The heart of the modern debate is not race, but accountability. Supporters of Brickley's bill say it is wrong to have educational issues of paramount interest to parents decided by people who aren't hired and fired at the polls.

Fairfax County's Murphy said about 18,000 signatures in favor of elected boards have been collected from across Northern Virginia on a petition that will be presented to the Senate panel.

But many legislators and educators said the issue isn't as simple as many parents imagine. Unless school boards are given autonomous taxing power -- that would require a state constitutional amendment and isn't likely to happen any time soon -- they see potential for demagoguery and for lines of responsibility becoming even more blurred than now. An elected school board, for example, could pass expensive programs knowing full well that supervisors might not approve taxes needed to pay for them.

Some also fear that school board elections would be dominated by single-issue groups -- concerned solely with stopping sex education, for example, or with firing a principal.

"You're better off having appointed boards because it really keeps politics out," said C. Carroll Laycock Jr., chairman of the Loudoun County School Board. "You don't have to worry about counting votes."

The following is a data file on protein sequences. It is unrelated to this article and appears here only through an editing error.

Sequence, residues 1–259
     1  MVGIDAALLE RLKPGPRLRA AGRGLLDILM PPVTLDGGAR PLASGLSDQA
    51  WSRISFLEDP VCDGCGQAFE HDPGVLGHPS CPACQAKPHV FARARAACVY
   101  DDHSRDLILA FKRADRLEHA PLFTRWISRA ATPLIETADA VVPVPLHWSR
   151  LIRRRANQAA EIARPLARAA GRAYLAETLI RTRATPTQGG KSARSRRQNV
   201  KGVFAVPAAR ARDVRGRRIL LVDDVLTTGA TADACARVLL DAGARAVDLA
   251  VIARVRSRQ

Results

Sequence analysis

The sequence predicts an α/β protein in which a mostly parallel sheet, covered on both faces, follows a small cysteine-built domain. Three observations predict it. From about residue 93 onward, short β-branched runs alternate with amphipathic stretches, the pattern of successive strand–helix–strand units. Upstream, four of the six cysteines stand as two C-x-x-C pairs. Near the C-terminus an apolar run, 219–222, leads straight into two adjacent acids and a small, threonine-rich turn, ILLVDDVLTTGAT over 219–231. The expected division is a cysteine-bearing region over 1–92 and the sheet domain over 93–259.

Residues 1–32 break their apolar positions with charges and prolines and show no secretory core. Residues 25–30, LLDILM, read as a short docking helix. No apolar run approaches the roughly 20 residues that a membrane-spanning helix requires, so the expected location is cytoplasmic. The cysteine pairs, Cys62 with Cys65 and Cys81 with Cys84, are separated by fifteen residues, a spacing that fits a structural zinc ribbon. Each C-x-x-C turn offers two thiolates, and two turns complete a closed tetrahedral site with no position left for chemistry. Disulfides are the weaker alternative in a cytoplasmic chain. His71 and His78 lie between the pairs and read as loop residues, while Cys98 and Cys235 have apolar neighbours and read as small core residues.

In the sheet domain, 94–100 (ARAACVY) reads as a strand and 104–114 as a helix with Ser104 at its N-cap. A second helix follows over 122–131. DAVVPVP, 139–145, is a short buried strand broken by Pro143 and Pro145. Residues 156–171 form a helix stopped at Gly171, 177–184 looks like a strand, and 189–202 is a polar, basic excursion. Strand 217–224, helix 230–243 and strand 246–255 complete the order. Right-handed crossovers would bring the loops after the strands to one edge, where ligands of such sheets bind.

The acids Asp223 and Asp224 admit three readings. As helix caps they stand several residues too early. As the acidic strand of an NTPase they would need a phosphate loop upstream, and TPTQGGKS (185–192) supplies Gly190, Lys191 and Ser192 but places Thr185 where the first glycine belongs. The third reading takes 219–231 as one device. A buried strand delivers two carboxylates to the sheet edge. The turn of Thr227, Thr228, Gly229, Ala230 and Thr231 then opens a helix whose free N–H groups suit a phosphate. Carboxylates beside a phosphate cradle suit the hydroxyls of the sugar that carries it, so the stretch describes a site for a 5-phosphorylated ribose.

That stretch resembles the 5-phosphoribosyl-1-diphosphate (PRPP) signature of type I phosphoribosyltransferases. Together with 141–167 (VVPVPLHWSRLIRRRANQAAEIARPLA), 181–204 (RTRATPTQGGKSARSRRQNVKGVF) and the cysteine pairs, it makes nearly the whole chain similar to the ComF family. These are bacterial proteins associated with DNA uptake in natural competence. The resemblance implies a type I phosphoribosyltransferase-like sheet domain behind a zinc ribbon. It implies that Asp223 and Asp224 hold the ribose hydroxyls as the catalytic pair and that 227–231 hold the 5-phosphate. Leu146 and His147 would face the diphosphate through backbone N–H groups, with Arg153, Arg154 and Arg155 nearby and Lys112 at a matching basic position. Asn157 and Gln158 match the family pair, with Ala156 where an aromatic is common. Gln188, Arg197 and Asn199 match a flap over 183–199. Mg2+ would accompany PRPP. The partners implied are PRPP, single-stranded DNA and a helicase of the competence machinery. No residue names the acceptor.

"If you don't think school boards are political now, you're naive," countered Madeline Wade, president of the Virginia Education Association, which represents 43,000 state teachers and supports elected boards.

Some of the most confusing issues in local politics arise when an appointed school board member disagrees with the politician who appointed him or her.

For instance, two years ago Prince William Supervisor Hilda M. Barg (D-Woodbridge) called for the resignation of W. Shapard Elmore when they disagreed over how to redraw school boundaries.

Elmore, who had become unpopular in Woodbridge because of his boundary vote, refused to step down.

Loudoun County resident Susan Hoffmann said her enthusiasm for elected boards rose this year after the school board there fired Superintendent David Thomas, who was criticized as having a prickly personality but whose policies Hoffmann supported. "It really brings to light how they're not accountable to us," she said.